“We have never had a large presence in this town,” he told senators, before they peppered him with questions about the company’s tax strategies that had left billions of dollars overseas.
Apple’s increasing activities in Washington now offer a window into some of the company’s plans. In December 2013, four Apple vice presidents -- including Jeff Williams, of operations, and Bud Tribble, of software technology -- met with FDA Commissioner Margaret Hamburg and her staff about mobile medical applications. FDA officials told the Apple executives that they regulate based on the intended use of a device.
A glucometer, which measures glucose levels, may be unregulated if used to measure blood sugar to promote better nutrition. Yet if it’s marketed for diabetics it’ll likely be regulated, Apple executives were told, according to an FDA memorandum of the meeting that Bloomberg News obtained through a Freedom of Information Act request.
“It’s not unusual for a company that’s a device company to go meet with FDA and I think Apple is becoming a device company,” Jeffrey Gibbs, a lawyer at the Washington-based firm Hyman, Phelps & McNamara, said in an interview. “The FDA doesn’t want to be surprised, especially if you’re a very prominent company like Apple.”
Jennifer Haliski, a spokeswoman for the FDA, declined to comment on the meeting.
Last fall, Apple executives also met with at least two FTC commissioners and Chairwoman Edith Ramirez to demonstrate the Apple Watch and Health app, according to people familiar with the matter.
Among the issues discussed was how Apple’s products collect and use consumer health data, the people said. The company expressed a commitment to protecting consumer data and explained that under its terms of service, data collected by the watch and health apps can’t be shared with third-party data brokers, one of the people said. Cottle, Tribble and Apple’s director of privacy, Jane Horvath, met with agency officials on Sept. 17, according to visitor logs.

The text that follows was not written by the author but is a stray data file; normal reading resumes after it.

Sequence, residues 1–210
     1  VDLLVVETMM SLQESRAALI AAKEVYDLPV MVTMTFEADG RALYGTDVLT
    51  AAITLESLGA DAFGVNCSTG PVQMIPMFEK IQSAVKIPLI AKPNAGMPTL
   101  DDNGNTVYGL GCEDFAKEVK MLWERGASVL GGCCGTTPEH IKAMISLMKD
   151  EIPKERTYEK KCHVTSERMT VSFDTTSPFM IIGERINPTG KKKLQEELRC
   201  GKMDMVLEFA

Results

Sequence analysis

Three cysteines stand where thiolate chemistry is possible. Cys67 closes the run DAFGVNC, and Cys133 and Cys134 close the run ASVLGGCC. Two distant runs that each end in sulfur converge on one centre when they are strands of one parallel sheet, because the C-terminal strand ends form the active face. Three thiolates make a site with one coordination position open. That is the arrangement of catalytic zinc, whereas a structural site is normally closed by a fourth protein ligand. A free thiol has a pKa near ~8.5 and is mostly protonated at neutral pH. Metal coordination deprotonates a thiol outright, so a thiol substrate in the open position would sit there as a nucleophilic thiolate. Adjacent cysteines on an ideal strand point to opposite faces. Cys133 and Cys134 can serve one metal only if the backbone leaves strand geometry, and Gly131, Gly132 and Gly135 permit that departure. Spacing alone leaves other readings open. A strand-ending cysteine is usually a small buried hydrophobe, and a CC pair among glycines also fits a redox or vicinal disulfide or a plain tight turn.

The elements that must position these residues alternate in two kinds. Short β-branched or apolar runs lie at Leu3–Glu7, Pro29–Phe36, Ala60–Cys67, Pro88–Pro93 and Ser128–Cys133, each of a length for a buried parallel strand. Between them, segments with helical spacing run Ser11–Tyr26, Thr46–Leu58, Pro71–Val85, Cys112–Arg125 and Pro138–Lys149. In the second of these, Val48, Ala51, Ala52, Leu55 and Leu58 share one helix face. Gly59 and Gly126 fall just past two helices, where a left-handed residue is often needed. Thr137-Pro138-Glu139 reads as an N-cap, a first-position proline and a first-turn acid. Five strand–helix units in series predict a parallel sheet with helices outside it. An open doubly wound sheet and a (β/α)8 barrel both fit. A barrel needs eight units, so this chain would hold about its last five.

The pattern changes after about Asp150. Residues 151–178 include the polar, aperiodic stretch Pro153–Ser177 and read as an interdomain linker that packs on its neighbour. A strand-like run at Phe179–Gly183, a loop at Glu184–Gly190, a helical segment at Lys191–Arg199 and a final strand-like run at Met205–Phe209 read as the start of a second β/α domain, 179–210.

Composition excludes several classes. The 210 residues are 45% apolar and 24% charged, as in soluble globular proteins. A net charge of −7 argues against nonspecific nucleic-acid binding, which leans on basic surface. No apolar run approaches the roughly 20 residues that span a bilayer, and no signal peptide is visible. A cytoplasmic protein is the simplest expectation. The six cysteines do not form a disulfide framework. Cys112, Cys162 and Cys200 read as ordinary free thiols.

Apple officials rarely visited the FTC in recent years, unlike those from companies such as Facebook Inc., which had more frequent meetings, according to a former agency official.
Justin Cole, a spokesman at the FTC, said the agency regularly meets with a range of industry representatives and consumer advocates to “help deepen agency understanding on a wide spectrum of issues.”
The proactive approach may be working. Ramirez, in an October speech, praised Apple for touting “as a selling point that they don’t share certain data from connected devices.” She added that “steps like this are, I believe, critical to fostering consumer trust. And they are good business too.”
Apple is trying to be more proactive to quell concerns. After the company unveiled Apple Watch and a digital payment system called Apple Pay in September, Senator Claire McCaskill, a Democrat from Missouri, and now-retired senator Jay Rockefeller, a Democrat from West Virginia, sent a letter to Cook seeking more information about how Apple would keep users’ data safe. It was one of several inquiries that the company got at the time, following nude pictures of celebrities such as model Kate Upton being released online that were stolen from Apple’s iCloud accounts.
“The recent data security incidents that have affected major corporations, including Apple, demonstrate the need for such federal legislation,” the senators’ letter said.
Apple sent executives to brief staff members of the House Energy and Commerce Committee, which is led by Fred Upton, Kate’s uncle, in September about its new products and included a discussion about Apple’s smartwatch, mobile payment system and health care initiatives, according to a person familiar with the briefing.
Upton’s committee didn’t respond last week to a request for comment.
“The big question is: Is Apple finally getting it?” said Chris Jones, founder of CapitolWorks, a lobbyist recruiting firm. “Yes, they are. They’re understanding there needs to be a proactive outreach on Capitol Hill and a proactive outreach to the administration.”
With assistance from Anna Edney in Washington.